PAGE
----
Congressmen seek to reinstate SNAP in Puerto Rico

Congressman Charles B. Rangel joined Resident Commissioner Pedro R. Pierluisi (Puerto Rico) and Colleagues in introducing legislation today to reinstate the SNAP (formerly the ‘food stamp’) program in Puerto Rico. H.R. 4280, the Puerto Rico Supplemental Nutrition Assistance Program Restoration Act, would provide the Island with $457 million in additional federal funding each year to support its food assistance program for low-income individuals.

“Puerto Rico deserves the same food assistance as the rest of the country,” said Rangel. “Our Manhattan Congressional District has many citizens of Puerto Rican descent whose families desperately need our help to meet basic nutritional standards.”

Presently, Puerto Rico receives from U.S. Department of Agriculture’s Food and Nutrition Service (FNS) an annual block grant that is appropriated by Congress in lieu of SNAP.  This block grant limits the amount of assistance available to Puerto Rico’s indigent population in terms of their ability to afford healthy food.

If this bill is enacted into law, Puerto Rico would join the 50 states, the District of Columbia, and two territories—Guam and the U.S. Virgin Islands—as jurisdictions that participate fully in the Supplemental Nutrition Assistance Program (SNAP).

According to a USDA report, conversion to SNAP would increase the number of households that receive nutrition assistance in Puerto Rico by an additional 85,000 households—consisting of 220,000 individuals. It would also mean an additional $457 million dollars in federal funding for the Island each year.”

“The USDA report confirms that the decision to deprive Puerto Rico of SNAP funds twenty years ago also deprived over 200,000 Puerto Ricans who are in most need of food assistance,” said Rangel. “Meanwhile, the 50 states, Washington, D.C., the U.S. Virgin Islands, and Guam all enjoy access to vital SNAP funds.  This is an inequity that makes no moral sense. The people of Puerto Rico deserve to receive the same financial aid necessary to meet high-quality nutritional standards.”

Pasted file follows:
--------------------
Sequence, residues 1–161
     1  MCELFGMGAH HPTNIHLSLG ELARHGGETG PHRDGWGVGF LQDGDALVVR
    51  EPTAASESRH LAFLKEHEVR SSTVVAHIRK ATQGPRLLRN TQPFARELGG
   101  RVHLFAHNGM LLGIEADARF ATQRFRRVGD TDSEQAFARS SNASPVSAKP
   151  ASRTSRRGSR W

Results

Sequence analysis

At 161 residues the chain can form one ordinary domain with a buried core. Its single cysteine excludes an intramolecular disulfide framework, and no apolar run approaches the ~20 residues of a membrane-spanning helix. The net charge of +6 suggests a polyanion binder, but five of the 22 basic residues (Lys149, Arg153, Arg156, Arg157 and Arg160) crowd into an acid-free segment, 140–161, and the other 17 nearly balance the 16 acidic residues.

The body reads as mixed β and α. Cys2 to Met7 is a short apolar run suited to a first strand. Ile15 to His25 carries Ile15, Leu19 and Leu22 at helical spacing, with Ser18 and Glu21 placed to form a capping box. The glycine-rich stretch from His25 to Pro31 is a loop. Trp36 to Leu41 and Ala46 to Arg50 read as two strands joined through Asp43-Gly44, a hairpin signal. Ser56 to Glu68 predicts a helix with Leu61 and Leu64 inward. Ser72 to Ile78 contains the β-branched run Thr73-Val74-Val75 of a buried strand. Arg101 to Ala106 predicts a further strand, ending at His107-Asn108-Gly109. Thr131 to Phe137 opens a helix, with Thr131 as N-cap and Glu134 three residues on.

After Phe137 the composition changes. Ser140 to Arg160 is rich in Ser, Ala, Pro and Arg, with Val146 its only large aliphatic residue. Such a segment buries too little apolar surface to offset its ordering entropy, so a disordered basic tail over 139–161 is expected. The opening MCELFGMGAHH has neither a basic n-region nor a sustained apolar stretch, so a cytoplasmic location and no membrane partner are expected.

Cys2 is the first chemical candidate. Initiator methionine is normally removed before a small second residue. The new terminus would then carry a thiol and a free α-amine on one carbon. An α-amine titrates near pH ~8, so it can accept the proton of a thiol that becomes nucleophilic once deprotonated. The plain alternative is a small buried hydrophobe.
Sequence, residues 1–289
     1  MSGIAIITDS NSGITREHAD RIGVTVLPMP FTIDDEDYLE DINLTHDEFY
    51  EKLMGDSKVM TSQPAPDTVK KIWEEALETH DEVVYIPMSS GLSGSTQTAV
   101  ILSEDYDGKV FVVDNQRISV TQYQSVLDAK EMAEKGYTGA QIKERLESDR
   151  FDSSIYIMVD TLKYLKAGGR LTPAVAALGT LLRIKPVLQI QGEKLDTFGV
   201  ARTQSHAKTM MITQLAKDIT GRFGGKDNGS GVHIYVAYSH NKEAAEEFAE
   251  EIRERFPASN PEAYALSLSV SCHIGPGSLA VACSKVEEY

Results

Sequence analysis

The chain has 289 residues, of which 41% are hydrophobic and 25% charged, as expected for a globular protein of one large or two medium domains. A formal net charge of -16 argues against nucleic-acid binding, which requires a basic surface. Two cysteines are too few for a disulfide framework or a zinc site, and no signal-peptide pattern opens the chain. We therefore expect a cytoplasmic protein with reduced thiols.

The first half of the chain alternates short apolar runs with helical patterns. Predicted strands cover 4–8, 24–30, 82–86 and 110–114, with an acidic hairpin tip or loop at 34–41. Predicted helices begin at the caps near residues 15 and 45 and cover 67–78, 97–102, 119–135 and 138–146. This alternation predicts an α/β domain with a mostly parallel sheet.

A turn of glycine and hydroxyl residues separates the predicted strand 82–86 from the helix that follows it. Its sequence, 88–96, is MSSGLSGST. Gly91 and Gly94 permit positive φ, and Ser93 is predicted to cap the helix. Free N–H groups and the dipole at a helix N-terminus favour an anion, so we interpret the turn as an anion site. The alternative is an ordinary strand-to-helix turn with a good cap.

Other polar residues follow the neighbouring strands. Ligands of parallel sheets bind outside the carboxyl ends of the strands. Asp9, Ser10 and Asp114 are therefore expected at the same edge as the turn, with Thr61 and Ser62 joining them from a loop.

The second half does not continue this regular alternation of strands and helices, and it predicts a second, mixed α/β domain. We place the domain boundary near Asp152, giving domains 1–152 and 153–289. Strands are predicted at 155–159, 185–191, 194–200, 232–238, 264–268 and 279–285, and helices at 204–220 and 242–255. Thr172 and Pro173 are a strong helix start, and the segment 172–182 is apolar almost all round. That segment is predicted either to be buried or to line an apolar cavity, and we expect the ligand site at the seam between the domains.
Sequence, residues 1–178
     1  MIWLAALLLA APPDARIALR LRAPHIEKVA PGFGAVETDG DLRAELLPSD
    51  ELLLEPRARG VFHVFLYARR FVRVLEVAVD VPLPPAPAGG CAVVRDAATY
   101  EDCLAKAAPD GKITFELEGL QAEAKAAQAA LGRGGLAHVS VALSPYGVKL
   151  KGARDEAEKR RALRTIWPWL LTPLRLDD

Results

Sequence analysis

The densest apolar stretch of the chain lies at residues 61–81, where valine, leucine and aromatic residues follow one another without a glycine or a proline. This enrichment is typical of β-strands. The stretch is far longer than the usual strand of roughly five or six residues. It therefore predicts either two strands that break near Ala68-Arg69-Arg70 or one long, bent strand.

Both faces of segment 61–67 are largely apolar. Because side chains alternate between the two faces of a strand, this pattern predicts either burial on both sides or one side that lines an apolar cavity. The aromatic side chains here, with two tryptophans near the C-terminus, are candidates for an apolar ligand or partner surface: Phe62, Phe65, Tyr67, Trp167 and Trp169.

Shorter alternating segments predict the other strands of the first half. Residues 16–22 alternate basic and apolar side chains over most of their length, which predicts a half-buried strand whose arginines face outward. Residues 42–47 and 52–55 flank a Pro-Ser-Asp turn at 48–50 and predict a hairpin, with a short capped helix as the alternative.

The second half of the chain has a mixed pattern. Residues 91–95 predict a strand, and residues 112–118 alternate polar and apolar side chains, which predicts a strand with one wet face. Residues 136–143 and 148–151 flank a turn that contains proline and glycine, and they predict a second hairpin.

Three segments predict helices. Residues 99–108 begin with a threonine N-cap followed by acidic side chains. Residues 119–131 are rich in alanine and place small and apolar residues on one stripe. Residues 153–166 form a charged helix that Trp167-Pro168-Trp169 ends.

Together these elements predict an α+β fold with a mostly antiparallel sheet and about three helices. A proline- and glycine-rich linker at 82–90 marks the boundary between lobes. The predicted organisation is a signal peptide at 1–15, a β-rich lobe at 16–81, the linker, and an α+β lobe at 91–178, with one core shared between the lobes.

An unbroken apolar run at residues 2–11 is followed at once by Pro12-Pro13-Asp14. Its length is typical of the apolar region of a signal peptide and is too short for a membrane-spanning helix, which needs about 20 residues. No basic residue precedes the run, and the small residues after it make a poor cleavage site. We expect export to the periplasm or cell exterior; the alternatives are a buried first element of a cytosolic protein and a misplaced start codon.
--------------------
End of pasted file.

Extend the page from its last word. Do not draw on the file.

• From FY1974 through FY1982, Puerto Rico participated in the Supplemental Nutrition Assistance Program (SNAP)—then known as the “food stamp program”—along with, and no differently than, each of the 50 States and D.C.  Guam, Puerto Rico, and the U.S. Virgin Islands were each added to SNAP by Congress in 1971.  Although Puerto Rico was later dropped from the program, SNAP coverages continue today in Guam and the U.S. Virgin Islands.
  • In 1981, Congress replaced SNAP in Puerto Rico with an $825 million block grant—appropriated each year as the “Nutrition Assistance Program” block grant for Puerto Rico.  That level of funding represented about 75% of SNAP expenditures in Puerto Rico at that time (which was $1.1 million in FY1982). As a result, the block grant has not adjusted annually to account for changes in economic need or population in Puerto Rico or to keep adequate pace with costs for obtaining a basic, daily nutritional diet on the Island.  The vulnerable U.S. citizens residing in Puerto Rico are treated differently when it comes to federal nutrition assistance than if there they were living in one of the 50 States, D.C., Guam or the neighboring U.S. Virgin Islands.  In 1986, Congress amended the law to index the annual amount for the Puerto Rico block grant going forward for inflation but it is still indexed on an arbitrary base amount.
  • In the 2008 Farm Bill Congress directed USDA to examine the feasibility and effects of restoring SNAP in Puerto Rico in lieu of continuing the block grant arrangement (Sec. 4142 of P.L. 110-246).
  • USDA submitted the required report to Congress in June 2010.  Among the findings about transiting from a block grant to SNAP in Puerto Rico, are—
  • 85,000 additional households in need would receive assistance that they are unable to receive now under the block grant (a 15% participation increase); and
  • Average monthly benefits in Puerto Rico would increase by about 10% or $23 per household narrowing the gap between average benefit amounts received in the rest of the U.S. under SNAP and the amounts currently received under the limited block grant applying to Puerto Rico.

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